3d illustration of a cross-section of a diseased skin with melanoma that enters the bloodstream and lymphatic tract

CLINICAL INFLAMMATION OF THE

INTEGUMENTARY SYSTEM

Inflammatory skin diseases span a wide field, including psoriasis, eczema, Rosacea, and dermatitis. The established method of diagnosis is visual skin inspection via dermatoscopy. While this allows for a detailed view of the epidermis, it does not allow for an assessment of disease progression in deeper skin layers. High-resolution optoacoustic imaging provided by RSOM (raster-scanning optoacoustic mesoscopy) has shown the potential to more accurately quantify disease status at depth by looking at parameters such as hemoglobin concentration, vessel diameter, and vessel bifurcation.

Skin layers and vasculature shown by RSOM, color-coded for size of structures, with small structures shown in green and large structures shown in red.

High resolution assessment of inflammation in psoriasis

Assessing inflammation is a key strength of optoacoustic imaging. Raster-scanning optoacoustic mesoscopy (RSOM) provides high resolution visualization of blood vessels in the different layers of the human skin. In a recent clinical study, this allowed investigators to differentiate healthy from psoriatic skin and to demonstrate the strong correlation of non-invasive RSOM metrics to standard biopsy-based classification of psoriasis.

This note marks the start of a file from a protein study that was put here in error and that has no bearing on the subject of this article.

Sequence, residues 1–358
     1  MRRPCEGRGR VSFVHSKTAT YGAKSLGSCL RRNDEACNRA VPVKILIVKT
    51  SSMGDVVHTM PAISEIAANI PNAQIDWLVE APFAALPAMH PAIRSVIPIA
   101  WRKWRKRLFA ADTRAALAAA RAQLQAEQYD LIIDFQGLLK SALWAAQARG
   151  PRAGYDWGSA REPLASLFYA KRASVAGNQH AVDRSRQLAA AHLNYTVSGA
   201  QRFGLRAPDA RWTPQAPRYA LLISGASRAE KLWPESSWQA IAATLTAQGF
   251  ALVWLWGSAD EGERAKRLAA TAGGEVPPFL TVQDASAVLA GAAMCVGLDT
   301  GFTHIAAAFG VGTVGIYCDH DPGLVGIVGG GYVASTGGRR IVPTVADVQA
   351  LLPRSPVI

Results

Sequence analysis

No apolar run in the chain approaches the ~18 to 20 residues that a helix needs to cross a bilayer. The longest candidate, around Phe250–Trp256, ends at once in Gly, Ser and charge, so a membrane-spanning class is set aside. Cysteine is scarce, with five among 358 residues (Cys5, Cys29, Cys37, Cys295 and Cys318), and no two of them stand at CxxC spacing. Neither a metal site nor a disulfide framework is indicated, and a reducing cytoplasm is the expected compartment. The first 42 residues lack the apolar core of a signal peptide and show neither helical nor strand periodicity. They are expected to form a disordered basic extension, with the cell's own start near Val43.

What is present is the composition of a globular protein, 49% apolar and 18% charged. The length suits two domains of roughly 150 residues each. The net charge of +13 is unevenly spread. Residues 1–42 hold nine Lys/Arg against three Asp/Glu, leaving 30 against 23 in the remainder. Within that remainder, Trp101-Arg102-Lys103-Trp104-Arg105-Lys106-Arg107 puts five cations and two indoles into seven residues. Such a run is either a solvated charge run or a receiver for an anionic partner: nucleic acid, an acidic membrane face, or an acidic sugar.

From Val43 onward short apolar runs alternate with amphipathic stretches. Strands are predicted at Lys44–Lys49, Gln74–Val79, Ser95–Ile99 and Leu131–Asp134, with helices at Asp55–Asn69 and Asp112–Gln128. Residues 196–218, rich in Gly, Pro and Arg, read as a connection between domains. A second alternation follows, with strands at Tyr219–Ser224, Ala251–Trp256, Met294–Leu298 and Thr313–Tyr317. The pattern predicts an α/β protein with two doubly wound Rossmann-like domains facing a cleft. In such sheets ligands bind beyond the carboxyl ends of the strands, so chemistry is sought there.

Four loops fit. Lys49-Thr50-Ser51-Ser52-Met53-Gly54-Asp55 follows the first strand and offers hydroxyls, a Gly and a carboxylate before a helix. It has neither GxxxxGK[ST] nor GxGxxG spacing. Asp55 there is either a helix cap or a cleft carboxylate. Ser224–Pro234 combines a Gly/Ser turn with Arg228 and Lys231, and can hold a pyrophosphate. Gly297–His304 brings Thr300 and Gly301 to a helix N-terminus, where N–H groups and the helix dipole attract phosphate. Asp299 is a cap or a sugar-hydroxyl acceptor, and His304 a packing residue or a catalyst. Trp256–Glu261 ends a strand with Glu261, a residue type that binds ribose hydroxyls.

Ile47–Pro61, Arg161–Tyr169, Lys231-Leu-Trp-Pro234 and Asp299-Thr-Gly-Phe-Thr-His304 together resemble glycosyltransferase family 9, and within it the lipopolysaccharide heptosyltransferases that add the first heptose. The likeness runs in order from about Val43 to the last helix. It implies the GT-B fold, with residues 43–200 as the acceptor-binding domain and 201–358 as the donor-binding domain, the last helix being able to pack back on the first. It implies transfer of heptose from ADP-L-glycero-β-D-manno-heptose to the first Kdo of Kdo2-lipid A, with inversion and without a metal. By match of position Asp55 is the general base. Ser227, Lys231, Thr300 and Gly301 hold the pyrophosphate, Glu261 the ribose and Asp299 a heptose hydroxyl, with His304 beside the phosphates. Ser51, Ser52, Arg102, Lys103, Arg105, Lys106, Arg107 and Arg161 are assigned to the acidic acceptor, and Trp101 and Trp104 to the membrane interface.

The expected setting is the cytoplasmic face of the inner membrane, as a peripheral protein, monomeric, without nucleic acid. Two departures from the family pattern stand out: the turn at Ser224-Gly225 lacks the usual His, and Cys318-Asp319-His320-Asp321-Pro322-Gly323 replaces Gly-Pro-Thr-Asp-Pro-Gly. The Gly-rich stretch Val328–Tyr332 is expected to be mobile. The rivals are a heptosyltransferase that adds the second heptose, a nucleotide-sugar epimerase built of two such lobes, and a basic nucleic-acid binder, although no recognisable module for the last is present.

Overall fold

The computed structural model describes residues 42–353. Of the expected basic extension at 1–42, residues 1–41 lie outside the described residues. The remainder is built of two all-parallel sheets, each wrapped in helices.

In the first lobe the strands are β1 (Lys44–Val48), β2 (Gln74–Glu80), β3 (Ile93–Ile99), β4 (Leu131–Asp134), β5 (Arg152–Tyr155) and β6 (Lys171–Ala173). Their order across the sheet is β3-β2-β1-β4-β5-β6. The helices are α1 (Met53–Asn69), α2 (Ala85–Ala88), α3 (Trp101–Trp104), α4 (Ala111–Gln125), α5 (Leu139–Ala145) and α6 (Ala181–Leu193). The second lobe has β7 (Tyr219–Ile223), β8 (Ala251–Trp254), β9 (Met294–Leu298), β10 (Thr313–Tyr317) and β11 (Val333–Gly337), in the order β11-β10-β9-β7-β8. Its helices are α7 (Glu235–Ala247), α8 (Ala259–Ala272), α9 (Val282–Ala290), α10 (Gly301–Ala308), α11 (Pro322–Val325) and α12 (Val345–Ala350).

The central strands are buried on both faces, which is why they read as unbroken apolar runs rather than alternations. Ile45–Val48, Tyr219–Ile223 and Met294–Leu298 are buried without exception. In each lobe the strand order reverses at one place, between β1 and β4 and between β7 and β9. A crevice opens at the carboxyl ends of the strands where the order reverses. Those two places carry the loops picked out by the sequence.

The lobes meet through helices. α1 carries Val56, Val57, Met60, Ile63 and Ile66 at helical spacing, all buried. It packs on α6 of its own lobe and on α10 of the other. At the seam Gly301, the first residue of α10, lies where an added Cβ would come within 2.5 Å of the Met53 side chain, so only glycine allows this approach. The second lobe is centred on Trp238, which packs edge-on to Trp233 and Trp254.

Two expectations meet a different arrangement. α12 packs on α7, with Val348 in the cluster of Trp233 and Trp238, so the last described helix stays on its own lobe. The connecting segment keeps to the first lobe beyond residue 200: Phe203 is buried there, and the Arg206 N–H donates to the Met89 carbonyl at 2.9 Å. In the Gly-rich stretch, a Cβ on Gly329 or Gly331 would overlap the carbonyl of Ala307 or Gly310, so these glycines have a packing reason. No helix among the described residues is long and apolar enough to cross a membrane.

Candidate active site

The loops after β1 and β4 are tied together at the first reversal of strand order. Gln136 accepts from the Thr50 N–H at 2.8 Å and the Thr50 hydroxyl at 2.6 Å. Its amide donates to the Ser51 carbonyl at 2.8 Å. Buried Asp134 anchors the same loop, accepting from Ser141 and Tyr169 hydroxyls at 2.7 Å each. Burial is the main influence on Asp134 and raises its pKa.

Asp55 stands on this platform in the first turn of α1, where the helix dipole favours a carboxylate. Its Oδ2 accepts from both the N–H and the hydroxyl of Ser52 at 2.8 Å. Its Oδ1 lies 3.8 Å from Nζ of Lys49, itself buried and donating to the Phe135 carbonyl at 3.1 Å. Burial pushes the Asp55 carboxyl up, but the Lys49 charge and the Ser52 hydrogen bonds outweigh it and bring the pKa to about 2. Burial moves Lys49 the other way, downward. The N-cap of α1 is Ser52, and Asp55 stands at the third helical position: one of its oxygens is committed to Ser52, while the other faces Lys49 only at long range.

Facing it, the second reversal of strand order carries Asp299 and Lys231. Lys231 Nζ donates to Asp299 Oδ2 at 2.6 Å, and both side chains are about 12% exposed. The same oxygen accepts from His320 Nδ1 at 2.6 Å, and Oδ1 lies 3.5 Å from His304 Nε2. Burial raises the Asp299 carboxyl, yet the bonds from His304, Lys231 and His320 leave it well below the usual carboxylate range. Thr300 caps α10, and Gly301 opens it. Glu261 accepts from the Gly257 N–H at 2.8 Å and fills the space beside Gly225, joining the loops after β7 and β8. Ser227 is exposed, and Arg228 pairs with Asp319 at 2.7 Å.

Enhanced RSOM signals as a biomarker of inflammation 

RSOM provides depth information and quantitative metrics that could potentially supplement clinical assessments related to diagnosis and therapy monitoring. Blood volume measurements as well as epidermal thickness as measured by RSOM are elevated in psoriatic skin, allowing investigators to establish an impartial optoacoustic index that correlates well with the standard PASI index for psoriasis patients. 

Quantification of RSOM-derived blood volume and epidermal thickness measurements of psoriatic and adjacent healthy skin. RSOM measurements were compared to histology.
Mean epidermal thickness, total blood volume, and mean vessel diameter measurements before and after immunotherapy in a patient with atopic dermatitis.

Tracking response to immunotherapy with RSOM

Investigators reported in a case study that RSOM can potentially detect subclinical skin changes in dermatitis patients that may not be clinically apparent. Coupled with the ability to conduct repeated measurements over time, this technique could potentially enable treatment monitoring in addition to serum biomarkers.